Pretty much anything in the Nightwalker series of imperial stouts will make you do that, from the deceptively smooth original to barrel-aged editions like the 2016 version that take on the feel of its Breckenridge Distillery vessels without being overbearing. Both, however, seem like common offerings compared to the Nightwalker Con Alma, which was re-fermented with grape juice and takes on a wine-beer hybrid quality that is head-scratching in its ability to incorporate both the chocolaty dark flavor of the base beer and the fruity mustiness of its addition.
That's not the most impressive thing Spangalang dreamt up for its one-year birthday celebration, however. That honor goes to its simply named Anniversary Ale, a blend of several hoppy offerings, some of them barrel-aged and some not. Deep, oak-y, full of complexity and offering you a chance to taste both the woodiness of the aging and the non-acidic underlying flavor of Simcoe, Chinook and other hops, this may well be the best beer a Denver brewery has produced so far in 2016.
Still, Spangalang comes back a third time to jolt you with its Protocrat Gose, a traditional offering with its hint of salt that is kicked up in tartness to match the American palate. At a time when gose is becoming one of the hip styles on the market, this could set the standard, at least in Denver.
Truth be told, there was nothing on the 11-beer tasting menu last week that could be called even a slight miss. The D-Train IPA was a big and slightly sweet hop bomb, the Hop Colossus Double IPA was surprising in its woodiness (despite its lack of barrel aging) and the Beatrice Saison, while not a stand-out, had a classical quality to it.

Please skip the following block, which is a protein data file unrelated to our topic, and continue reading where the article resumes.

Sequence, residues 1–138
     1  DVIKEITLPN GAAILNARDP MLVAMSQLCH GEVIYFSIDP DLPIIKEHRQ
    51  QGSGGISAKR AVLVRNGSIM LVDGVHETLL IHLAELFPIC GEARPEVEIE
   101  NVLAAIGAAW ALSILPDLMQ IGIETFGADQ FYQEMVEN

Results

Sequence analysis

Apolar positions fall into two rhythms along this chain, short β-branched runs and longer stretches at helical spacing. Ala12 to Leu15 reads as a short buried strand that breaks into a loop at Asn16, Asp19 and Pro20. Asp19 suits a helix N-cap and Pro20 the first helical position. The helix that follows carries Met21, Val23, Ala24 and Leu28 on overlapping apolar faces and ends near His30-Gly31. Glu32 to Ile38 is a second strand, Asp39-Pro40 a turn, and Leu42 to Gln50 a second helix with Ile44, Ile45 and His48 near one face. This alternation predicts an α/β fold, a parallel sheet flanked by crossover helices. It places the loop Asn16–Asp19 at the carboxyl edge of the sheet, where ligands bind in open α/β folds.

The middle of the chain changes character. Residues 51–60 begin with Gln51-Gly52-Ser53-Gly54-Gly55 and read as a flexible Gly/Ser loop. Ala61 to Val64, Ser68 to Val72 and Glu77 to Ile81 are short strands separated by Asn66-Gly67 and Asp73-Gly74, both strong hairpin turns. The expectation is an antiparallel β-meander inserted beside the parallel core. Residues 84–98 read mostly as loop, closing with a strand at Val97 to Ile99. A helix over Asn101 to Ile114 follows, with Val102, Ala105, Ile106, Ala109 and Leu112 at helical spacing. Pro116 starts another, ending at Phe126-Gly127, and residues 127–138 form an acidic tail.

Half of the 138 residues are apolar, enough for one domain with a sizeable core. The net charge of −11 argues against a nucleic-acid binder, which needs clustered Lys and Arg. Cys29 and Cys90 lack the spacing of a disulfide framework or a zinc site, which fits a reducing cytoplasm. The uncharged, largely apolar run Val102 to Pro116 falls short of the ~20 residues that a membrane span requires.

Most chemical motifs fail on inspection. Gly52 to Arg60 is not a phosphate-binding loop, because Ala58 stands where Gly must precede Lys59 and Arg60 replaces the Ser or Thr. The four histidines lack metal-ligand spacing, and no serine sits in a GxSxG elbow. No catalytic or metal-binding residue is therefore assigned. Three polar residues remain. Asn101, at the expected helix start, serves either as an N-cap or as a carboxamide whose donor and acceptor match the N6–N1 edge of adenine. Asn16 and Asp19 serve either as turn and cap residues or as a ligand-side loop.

So, should Ratio or Spangalang wear the title of best new Colorado brewery of 2015? Or should that go to WeldWerks, which USA Today proclaimed the best new brewery in the country? In truth, it doesn't matter. But what is apparent is this: Whereas even the best new breweries would take a year or two to get up to full speed half a decade ago, there are places bolting from ribbon-cutting to national-interest-demanding in less than 12 months now. And Spangalang is absolutely one of them.
Friday, April 08, 2016
It was both somewhat surprising and slightly predictable to learn in February that World of Beer had shuttered its downtown Denver location after just 18 months.
There was surprise because the location offered more than 50 beers on tap, including an array of impressive local and national offerings and had the on-the-surface credibility of some of the better beer bars in the crowded LoDo scene. Its Sunday BEERunch (pictured below) had a tasty menu extending from breakfast classics to tasty chipotle porter wings.
But World of Beer, which still operates locations in Cherry Creek and Lakewood, also carried in its description a series of words that can spell death to craft-beer enthusiasts — "out-of-state chain." And while I visited the location occasionally until its demise, I also noticed that the crowds never appeared there the way they did at places like Freshcraft or Lucky Pie or Falling Rock Tap House.
It's worth noting that chains were some of America's original craft-beer bars, including the Colorado-based Old Chicago chain that opened its doors in 1976, the same year that the first beers rolled off the lines at New Albion Brewery. But in today's farm-to-pint, uber-local beer-drinking society, it's also worth asking what the place of chains is here in the Napa Valley of craft beer.
One way to do that is to look at two other chains that remain downtown and seem to be thriving, at least by the size of the crowds I encountered there in the past two weeks.
The California-based Yard House chain actually was one of the early beer bars in downtown, finding its way into Denver around the time that Freshcraft and Euclid Hall were opening. At 120 distinct taps of beer, it actually has more flowing from kegs than even Falling Rock, though no one has ever confused the two businesses.